András Hajnal

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András Hajnal (born May 13, 1931) is an emeritus professor of mathematics at Rutgers University[1] and a member of the Hungarian Academy of Sciences[2] known for his work in set theory and combinatorics.

Biography[edit]

Hajnal was born on 13 May 1931,[3] in Budapest, Hungary.

He received his university diploma (M.Sc. degree) in 1953 from the Eötvös Loránd University,[4] his Candidate of Mathematical Science degree (roughly equivalent to Ph.D.) in 1957, under the supervision of László Kalmár,[5] and his Doctor of Mathematical Science degree in 1962. From 1956 to 1995 he was a faculty member at the Eötvös Loránd University; in 1994, he moved to Rutgers University to become the director of DIMACS, and he remained there as a professor until his retirement in 2004.[3] He became a member of the Hungarian Academy of Sciences in 1982, and directed its mathematical institute from 1982 to 1992.[3] He was general secretary of the János Bolyai Mathematical Society from 1980 to 1990, and president of the society from 1990 to 1994.[3] Since 1981, he has been an advisory editor of the journal Combinatorica.

In all his life, Hajnal has been an avid chess player.[6]

Hajnal is the father of Peter Hajnal, the co-dean of the European College of Liberal Arts.

Research and publications[edit]

Hajnal is the author of over 150 publications.[7] Among the many co-authors of Paul Erdős, he has the second largest number of joint papers, 56.[8] With Peter Hamburger, he wrote a textbook, Set Theory (Cambridge University Press, 1999, ISBN 0-521-59667-X). Some of his more well-cited research papers[9] include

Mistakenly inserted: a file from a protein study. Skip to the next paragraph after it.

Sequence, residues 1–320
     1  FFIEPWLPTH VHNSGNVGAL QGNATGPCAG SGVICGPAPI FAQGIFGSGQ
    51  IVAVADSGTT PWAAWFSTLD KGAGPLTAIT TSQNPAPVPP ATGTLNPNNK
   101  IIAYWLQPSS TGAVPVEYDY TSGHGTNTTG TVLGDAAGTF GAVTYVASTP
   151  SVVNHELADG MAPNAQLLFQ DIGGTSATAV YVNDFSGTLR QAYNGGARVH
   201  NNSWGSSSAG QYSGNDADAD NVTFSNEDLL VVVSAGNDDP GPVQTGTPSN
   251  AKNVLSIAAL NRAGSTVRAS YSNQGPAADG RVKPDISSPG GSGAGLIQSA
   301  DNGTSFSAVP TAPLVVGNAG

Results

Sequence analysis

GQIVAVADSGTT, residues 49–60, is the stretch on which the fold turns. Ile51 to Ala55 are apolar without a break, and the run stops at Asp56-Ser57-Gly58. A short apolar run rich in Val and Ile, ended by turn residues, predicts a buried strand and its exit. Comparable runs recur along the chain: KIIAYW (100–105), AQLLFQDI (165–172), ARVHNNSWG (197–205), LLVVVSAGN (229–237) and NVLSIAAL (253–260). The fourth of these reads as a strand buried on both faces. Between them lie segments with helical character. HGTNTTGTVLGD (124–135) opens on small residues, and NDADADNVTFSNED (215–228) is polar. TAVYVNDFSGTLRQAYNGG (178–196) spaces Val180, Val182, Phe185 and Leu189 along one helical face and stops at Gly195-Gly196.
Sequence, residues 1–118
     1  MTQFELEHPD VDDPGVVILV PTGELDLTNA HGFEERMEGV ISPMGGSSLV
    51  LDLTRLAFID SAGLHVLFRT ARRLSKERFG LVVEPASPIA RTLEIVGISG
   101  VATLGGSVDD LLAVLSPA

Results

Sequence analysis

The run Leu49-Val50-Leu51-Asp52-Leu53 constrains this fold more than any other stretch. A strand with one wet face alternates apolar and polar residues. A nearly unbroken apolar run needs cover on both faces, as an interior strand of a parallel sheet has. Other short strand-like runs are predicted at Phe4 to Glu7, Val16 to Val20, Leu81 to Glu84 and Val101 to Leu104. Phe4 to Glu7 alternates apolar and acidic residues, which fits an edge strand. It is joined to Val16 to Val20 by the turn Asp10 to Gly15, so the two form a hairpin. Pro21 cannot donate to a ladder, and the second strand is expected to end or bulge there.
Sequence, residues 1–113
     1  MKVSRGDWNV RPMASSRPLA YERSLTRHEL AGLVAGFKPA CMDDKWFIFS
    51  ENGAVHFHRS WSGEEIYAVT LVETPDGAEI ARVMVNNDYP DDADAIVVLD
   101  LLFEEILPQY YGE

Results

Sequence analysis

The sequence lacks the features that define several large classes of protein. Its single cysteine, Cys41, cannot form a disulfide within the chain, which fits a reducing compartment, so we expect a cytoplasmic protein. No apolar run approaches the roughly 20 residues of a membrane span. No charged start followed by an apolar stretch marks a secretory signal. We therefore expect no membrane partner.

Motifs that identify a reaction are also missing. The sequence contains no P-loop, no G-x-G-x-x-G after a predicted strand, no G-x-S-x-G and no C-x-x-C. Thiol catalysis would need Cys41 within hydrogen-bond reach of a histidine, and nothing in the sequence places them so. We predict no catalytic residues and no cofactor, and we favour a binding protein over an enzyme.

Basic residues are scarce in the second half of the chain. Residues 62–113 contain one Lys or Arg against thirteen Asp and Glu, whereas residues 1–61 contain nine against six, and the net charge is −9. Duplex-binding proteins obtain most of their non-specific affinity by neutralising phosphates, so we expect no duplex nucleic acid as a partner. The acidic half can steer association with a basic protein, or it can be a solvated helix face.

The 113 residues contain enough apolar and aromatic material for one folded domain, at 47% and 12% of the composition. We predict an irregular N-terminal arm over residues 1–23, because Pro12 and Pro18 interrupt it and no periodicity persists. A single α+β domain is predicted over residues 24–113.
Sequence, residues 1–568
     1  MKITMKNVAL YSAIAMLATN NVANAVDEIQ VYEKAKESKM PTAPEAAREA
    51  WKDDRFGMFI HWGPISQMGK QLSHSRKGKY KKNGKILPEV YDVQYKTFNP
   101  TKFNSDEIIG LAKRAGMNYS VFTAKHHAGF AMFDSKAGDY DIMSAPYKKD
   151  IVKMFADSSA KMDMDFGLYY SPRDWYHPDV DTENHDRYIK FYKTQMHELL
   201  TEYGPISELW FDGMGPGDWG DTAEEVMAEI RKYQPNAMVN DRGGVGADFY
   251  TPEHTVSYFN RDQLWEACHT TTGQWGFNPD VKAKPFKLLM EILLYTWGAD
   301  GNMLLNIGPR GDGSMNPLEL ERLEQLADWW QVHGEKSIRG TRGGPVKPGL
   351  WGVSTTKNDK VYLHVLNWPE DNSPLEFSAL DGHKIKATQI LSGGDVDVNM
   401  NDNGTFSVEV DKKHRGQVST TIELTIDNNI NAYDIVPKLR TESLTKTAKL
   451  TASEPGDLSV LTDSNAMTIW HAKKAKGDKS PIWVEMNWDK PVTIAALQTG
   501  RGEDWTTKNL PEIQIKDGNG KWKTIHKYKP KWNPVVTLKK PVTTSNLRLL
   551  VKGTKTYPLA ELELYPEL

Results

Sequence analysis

• A paper on circuit complexity with Maas, Pudlak, Szegedy, and György Turán,[10] showing exponential lower bounds on the size of bounded-depth circuits with weighted majority gates that solve the problem of computing the parity of inner products.
  • The Hajnal–Szemerédi theorem on equitable coloring, proving a 1964 conjecture of Erdős:[11] let Δ denote the maximum degree of a vertex in a finite graph G. Then G can be colored with Δ + 1 colors in such a way that the sizes of the color classes differ by at most one. Several authors have subsequently published simplifications and generalizations of this result.[12]
  • A paper with Erdős and J. W. Moon on graphs that avoid having any k-cliques. Turán's theorem characterizes the graphs of this type with the maximum number of edges; Erdős, Hajnal and Moon find a similar characterization of the smallest maximal k-clique-free graphs, showing that they take the form of certain split graphs. This paper also proves a conjecture of Erdős and Gallai on the number of edges in a critical graph for domination.[13]